In the News Letter today, a four-part series of essays concludes by Neil Faris about legacy (‘Too much focus on state is an injustice to terror victims’).
Mr Faris, a lawyer, has been examining the legal obligation on Britain to investigate Troubles deaths at the hands of the state.
But Mr Faris challenges the notion that there needs to be a separate process of so-called legacy inquests.
The News Letter recently analysed the 94 deaths that are due to be examined in such inquests (and perhaps more, because requests for inquests are still being made). We found that at least 35 of the dead were terrorists. Mr Faris is concerned about the obvious injustice not only to the much larger number of terror victims, whose deaths will not get the same level of investigation, but to an even larger pool of people who were injured or whose property was destroyed by terrorists.
Mr Faris has raised important concerns about the possibility that legacy structures, including even a body such as the proposed Historical Investigations Unit (the body that is held up as the one that will bring balance to a process that is currently focusing to a disgraceful extent on state alleged wrongdoing) could – despite a efforts to make it balanced – be staffed by investigators who are insufficiently experienced in such situations to appreciate the pressured context in which the state was responding to large-scale terrorism.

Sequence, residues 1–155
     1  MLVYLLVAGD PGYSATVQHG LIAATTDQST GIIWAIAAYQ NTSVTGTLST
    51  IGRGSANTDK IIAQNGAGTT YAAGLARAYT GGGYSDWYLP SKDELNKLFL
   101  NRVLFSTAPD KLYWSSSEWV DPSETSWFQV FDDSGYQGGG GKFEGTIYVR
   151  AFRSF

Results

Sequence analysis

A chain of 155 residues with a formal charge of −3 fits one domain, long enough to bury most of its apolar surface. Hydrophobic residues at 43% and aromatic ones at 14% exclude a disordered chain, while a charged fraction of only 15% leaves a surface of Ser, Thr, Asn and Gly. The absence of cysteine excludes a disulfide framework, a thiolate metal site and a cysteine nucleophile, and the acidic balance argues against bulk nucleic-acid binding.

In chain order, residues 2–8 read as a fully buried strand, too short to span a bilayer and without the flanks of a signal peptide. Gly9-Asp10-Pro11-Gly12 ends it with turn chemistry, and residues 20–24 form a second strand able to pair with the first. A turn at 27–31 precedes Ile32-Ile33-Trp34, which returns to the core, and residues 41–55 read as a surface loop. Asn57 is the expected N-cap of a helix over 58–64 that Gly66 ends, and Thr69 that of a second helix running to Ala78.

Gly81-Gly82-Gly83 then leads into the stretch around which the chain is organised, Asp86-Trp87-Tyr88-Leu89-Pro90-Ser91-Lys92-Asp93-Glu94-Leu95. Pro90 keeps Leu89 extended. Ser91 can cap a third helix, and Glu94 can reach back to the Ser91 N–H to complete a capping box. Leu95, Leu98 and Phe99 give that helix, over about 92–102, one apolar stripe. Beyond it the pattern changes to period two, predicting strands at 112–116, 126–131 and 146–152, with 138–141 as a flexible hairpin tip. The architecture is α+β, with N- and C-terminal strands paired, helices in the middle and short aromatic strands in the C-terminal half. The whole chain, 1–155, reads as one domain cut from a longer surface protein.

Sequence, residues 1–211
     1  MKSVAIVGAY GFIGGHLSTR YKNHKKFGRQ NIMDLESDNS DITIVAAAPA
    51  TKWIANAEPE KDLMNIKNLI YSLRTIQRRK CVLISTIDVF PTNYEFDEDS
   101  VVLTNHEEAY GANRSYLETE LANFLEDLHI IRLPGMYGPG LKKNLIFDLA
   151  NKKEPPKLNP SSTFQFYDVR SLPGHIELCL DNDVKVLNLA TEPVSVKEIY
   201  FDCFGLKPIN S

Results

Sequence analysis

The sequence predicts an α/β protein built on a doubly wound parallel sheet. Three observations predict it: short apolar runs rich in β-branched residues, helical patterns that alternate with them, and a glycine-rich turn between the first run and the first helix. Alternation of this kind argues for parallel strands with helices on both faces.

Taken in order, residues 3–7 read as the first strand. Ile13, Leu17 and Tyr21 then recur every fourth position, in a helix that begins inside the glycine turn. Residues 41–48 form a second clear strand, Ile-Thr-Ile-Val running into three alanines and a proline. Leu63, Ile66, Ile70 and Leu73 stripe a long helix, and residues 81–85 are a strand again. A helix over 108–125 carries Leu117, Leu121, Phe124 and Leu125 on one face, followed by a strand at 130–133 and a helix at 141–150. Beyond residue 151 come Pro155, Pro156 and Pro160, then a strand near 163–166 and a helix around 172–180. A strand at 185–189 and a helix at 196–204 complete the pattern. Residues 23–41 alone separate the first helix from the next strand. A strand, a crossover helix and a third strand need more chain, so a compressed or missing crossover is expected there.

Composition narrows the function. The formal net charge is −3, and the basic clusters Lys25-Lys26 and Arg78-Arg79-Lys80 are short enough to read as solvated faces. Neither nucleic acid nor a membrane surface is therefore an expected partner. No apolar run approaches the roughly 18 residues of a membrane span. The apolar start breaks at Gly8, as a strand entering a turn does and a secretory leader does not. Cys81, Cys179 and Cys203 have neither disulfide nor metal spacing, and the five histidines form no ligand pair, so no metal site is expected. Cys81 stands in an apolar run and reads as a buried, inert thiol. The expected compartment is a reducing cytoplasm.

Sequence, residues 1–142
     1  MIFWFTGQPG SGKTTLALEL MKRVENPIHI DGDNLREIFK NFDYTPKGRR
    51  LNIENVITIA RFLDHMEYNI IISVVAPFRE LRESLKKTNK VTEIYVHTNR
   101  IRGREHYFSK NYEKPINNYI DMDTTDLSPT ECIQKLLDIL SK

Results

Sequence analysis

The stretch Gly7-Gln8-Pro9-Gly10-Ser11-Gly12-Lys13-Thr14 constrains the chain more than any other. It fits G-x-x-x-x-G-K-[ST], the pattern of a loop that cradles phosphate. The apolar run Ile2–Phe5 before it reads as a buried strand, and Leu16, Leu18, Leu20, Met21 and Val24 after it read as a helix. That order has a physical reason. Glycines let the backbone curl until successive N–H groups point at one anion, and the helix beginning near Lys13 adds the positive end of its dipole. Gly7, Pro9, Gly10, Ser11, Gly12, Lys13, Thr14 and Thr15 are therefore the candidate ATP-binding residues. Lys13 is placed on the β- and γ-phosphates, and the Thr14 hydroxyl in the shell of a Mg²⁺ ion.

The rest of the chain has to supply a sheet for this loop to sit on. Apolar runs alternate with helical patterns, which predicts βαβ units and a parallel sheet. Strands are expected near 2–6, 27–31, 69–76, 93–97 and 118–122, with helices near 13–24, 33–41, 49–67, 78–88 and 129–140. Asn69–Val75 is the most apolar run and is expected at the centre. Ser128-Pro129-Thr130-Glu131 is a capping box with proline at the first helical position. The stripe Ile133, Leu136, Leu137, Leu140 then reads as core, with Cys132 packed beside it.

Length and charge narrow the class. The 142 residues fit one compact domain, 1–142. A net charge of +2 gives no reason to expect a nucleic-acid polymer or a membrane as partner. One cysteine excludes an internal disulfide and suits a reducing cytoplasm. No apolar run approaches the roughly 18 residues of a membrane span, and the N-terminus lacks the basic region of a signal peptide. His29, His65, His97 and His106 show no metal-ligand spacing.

These essays by Mr Faris reiterate something the News Letter has highlighted for months about legacy structures which Sinn Fein is demanding be installed (in other words the IRA’s political wing is confident about investigations of the past).
With such grave question marks over the legacy proposals, there ought to be no swift agreement on legacy, regardless of Friday’s results. The rest of the West is getting a taste of the terror we lived with for decades, and its citizens will not tolerate being murdered by known terrorists in the way people in Northern Ireland were murdered by known paramilitaries. Under no circumstances should we now initiate processes that have even a prospect of (inadvertently) suiting terrorists.